On the whole, it is nevertheless apparent that the majority are not really convinced that there are not better alternatives. The reasons for this relative dissatisfaction are obvious. The majority of those surveyed complained in particular about the fact that the hotel market is severely fragmented, the large amounts of time and effort involved in sourcing and rising hotel prices. They are therefore seeking solutions that will reduce costs and save time. There are also calls for transparency with regard to booking and billing data and benchmark information that can be used to define targets and assess performance. 

The decision-makers who were surveyed initially sought answers to the above challenges within their own organisation. Are the employees in their team the right people to solve existing and emerging problems? Are the hotel programmes in the various regions appropriately weighted? Do travellers actually book at the rates that have been negotiated (keyword: rate audits)?

Graphic: Kirsten Semmler • Vector data: Adobe Stock


Adjustment to changes in conditions? Twenty per cent don’t do this beyond the RFP season
One of the key challenges for an international travel manager or hotel buyer is always to keep an eye on changes in business that could have an impact on his/her hotel programme; new demand in a new geographical region owing to a new project, for example, or an increase in the volume of overnight stays. Decision-makers were therefore also asked what sources they obtain their information from to make sure they always stay informed of the latest developments affecting their hotel programme. 

Companies that review prices and demand for their hotel programme all year round instead of just once a year will cut hotel costs and also increase compliance.


It’s no surprise that the majority monitor the markets either through a TMC (49 per cent) or a preferred hotel operator (45 per cent). However, it is remarkable that one fifth of travel managers take changes into account only when the next tendering season is imminent. 

At this point in their study, the experts from the ACTE and HRS concentrated on questioning those companies that had redefined their sourcing process. They were interested above all in the question of whether or not they had outsourced the time-consuming sourcing process, which is actually no longer considered to add value. What is interesting is that the size of a company appears to have an impact on whether it decides for or against. While companies with medium-sized hotel programmes (USD 5 million to USD 10 million) in particular had decided to handle all of their hotel sourcing internally, just under half (48 per cent) chose the opposite path and brought in external experts.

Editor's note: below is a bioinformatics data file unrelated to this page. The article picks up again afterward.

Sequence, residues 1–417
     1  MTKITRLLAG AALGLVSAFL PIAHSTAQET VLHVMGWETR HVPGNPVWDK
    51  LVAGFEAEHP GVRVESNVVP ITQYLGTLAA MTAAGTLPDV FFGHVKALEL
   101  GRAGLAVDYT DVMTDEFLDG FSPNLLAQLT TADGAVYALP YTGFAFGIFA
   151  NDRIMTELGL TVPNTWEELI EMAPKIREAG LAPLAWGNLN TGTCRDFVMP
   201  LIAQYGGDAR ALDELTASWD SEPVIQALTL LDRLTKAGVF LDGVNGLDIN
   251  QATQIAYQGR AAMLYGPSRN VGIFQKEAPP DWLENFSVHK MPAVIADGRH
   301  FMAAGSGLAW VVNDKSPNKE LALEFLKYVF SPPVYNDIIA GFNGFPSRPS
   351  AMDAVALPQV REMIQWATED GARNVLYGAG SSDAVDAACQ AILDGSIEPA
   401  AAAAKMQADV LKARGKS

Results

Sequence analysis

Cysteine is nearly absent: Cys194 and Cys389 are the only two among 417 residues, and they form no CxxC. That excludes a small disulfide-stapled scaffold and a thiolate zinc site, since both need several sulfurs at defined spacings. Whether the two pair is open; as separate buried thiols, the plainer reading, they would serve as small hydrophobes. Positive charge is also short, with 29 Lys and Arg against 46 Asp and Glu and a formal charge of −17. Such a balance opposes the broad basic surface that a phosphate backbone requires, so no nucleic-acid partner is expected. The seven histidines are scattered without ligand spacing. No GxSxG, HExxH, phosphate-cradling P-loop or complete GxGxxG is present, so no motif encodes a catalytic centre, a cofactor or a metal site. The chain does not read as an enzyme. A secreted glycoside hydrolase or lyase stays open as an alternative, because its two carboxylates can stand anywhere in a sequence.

Graphic: Kirsten Semmler • Vector data: Adobe Stock


Continuous sourcing: Redefining the RFP process
Either way, the change in strategy has paid off for every single company, with hotel costs falling by an average of six per cent per year. There was nevertheless one method in particular that attracted the attention of the experts from ACTE and HRS. Companies that set up a so-called continuous sourcing process, in which prices and demand for the hotel programme are reviewed year-round rather than just once a year, not only reduced their hotel costs but also increased compliance and the frequency and intensity of communications between individual stakeholders (TM, assistants, hotel; see graphic). 

Continuous sourcing is still a relatively new concept in the field of hotel procurement; only a handful of travel managers (about one tenth) currently use it. However, ACTE Executive Director Greely Koch is certain that it will catch on. "As the concept of continuous sourcing cuts hotel costs, improves traveller satisfaction and increases programme flexibility, travel managers should exploit these benefits," he says.

What other better way is there to keep an eye on fluctuating hotel rates than through continuous tendering in markets that are relevant to companies? Or "redefining the RFP process", as Marco D’Ilario, Vice President Sourcing Solutions at HRS, enthuses. What other better way is there for travel managers to stay informed than through regular discussions with their preferred hotel operators and through the use of comparative tariffs, early booker data and other local factors to obtain the best rates for satisfied travellers? 

Naturally, no one is going to turn their hotel programme upside down overnight. In view of the cost savings and other advantages that those 51 per cent of the surveyed companies that had made changes to their hotel sourcing process were able to achieve, ACTE is calling on the remaining 49 per cent to "consider a change, because financial performance and traveller satisfaction are becoming more and more important."